At Villanova University in Pennsylvania, the number of entry-level, full-time jobs that companies posted via the school’s career center between Jan. 1 and March 14 declined by 7%, compared with the same period last year. But not every employer is tapping the brakes on hiring. Drops in Villanova’s listings for software, financial services and biotech jobs were partially offset by growth in sectors like tourism, education and government, according to the career center.
Bringing in new graduates is important for companies even in downturns, as it establishes talent pipelines for the years ahead, when business stabilizes, say human-resources leaders. Indeed, though it laid off hundreds of employees in its mortgage division in February, JPMorgan Chase & Co. is hiring more full-time members of the Class of 2023 than it did last year with the Class of 2022, a spokesman said.
And AlixPartners LLP has hired its largest class of new M.B.As ever, with 58 joining after graduation, says Aaron Goldberg, a senior vice president at the consulting firm. Several of its new hires interned at tech companies last summer and, in light of that sector’s downturn, AlixPartners’s stability became a big selling point for them, he adds.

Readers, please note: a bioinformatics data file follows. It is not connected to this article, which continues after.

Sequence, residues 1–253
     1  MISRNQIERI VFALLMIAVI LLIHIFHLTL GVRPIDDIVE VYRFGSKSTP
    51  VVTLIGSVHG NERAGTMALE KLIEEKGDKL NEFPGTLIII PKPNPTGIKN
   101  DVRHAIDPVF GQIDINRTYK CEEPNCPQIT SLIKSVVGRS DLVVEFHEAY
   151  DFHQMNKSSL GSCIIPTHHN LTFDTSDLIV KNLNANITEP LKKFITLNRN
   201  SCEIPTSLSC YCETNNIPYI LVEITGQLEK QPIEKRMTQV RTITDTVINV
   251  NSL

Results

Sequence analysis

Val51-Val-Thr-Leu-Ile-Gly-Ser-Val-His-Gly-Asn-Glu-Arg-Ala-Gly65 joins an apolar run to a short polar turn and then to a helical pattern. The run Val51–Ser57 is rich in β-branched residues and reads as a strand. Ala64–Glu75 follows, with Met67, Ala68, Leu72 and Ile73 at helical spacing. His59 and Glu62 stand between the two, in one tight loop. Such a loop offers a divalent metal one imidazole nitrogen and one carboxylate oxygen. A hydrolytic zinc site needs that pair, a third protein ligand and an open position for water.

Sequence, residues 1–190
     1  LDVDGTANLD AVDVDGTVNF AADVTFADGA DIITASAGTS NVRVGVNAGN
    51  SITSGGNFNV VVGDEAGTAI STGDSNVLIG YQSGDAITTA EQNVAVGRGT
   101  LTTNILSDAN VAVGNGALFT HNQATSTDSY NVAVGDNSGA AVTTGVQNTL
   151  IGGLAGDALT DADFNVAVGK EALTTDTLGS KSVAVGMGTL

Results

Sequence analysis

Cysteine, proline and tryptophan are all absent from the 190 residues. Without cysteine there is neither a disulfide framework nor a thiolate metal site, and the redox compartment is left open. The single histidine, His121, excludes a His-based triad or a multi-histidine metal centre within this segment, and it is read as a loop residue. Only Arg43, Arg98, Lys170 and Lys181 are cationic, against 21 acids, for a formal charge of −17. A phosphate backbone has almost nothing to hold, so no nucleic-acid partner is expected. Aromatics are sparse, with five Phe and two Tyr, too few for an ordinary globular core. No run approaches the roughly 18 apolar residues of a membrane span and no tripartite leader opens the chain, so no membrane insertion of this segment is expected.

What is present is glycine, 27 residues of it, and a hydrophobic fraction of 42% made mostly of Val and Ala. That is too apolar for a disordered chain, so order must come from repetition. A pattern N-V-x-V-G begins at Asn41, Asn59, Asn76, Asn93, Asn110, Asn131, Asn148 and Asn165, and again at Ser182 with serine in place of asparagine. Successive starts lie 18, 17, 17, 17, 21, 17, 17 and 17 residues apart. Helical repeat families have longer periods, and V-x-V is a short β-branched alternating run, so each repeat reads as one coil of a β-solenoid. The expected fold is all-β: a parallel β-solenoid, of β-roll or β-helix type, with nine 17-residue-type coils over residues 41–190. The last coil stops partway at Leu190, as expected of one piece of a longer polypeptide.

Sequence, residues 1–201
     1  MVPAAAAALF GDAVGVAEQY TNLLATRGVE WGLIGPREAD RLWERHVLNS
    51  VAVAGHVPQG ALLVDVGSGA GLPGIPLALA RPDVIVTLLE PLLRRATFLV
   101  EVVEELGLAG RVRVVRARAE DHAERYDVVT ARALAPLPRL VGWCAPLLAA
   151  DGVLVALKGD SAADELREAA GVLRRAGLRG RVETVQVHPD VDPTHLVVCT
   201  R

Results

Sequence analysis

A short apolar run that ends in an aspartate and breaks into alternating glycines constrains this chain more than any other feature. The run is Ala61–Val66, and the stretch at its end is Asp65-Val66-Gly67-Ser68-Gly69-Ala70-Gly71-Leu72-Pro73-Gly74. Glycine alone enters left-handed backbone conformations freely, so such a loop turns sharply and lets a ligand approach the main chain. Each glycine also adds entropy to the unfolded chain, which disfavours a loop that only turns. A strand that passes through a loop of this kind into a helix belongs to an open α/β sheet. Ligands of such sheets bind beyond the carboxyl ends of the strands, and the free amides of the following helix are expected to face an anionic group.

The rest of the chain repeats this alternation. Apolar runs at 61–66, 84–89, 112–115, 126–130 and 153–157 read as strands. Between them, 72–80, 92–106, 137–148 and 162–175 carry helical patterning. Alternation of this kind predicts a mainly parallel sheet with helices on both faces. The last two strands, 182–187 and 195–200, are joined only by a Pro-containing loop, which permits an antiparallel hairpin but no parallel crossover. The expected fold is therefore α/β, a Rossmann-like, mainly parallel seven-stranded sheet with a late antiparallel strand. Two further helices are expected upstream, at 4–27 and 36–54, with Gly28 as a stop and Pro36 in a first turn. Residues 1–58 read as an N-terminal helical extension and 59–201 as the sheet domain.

There’s data to back him up: Handshake, a job-search platform for college students, surveyed 422 job-seeking seniors late last year and found that 84% said job stability would make them more likely to apply for a job, up from 73% the prior year.
New graduates with degrees that were hot until recently, including software engineering and computer science, may need to temper their expectations, says Kelly Jones, chief people officer at Cisco Systems Inc. Unlike prior years, they may not have their pick of several jobs at once.
“But no one is going without an offer,” she says of people graduating with those sorts of degrees.
In past years, an analysis of Handshake’s millions of student and alumni users showed that job applicants gravitated toward applying to buzzy jobs and internships at companies such as Tesla Inc. and Apple Inc. Christine Cruzvergara, Handshake’s chief education strategy officer, says her firm is telling companies outside of the tech industry, and those that are less well known, that they have a shot at landing talented grads who are open to more options.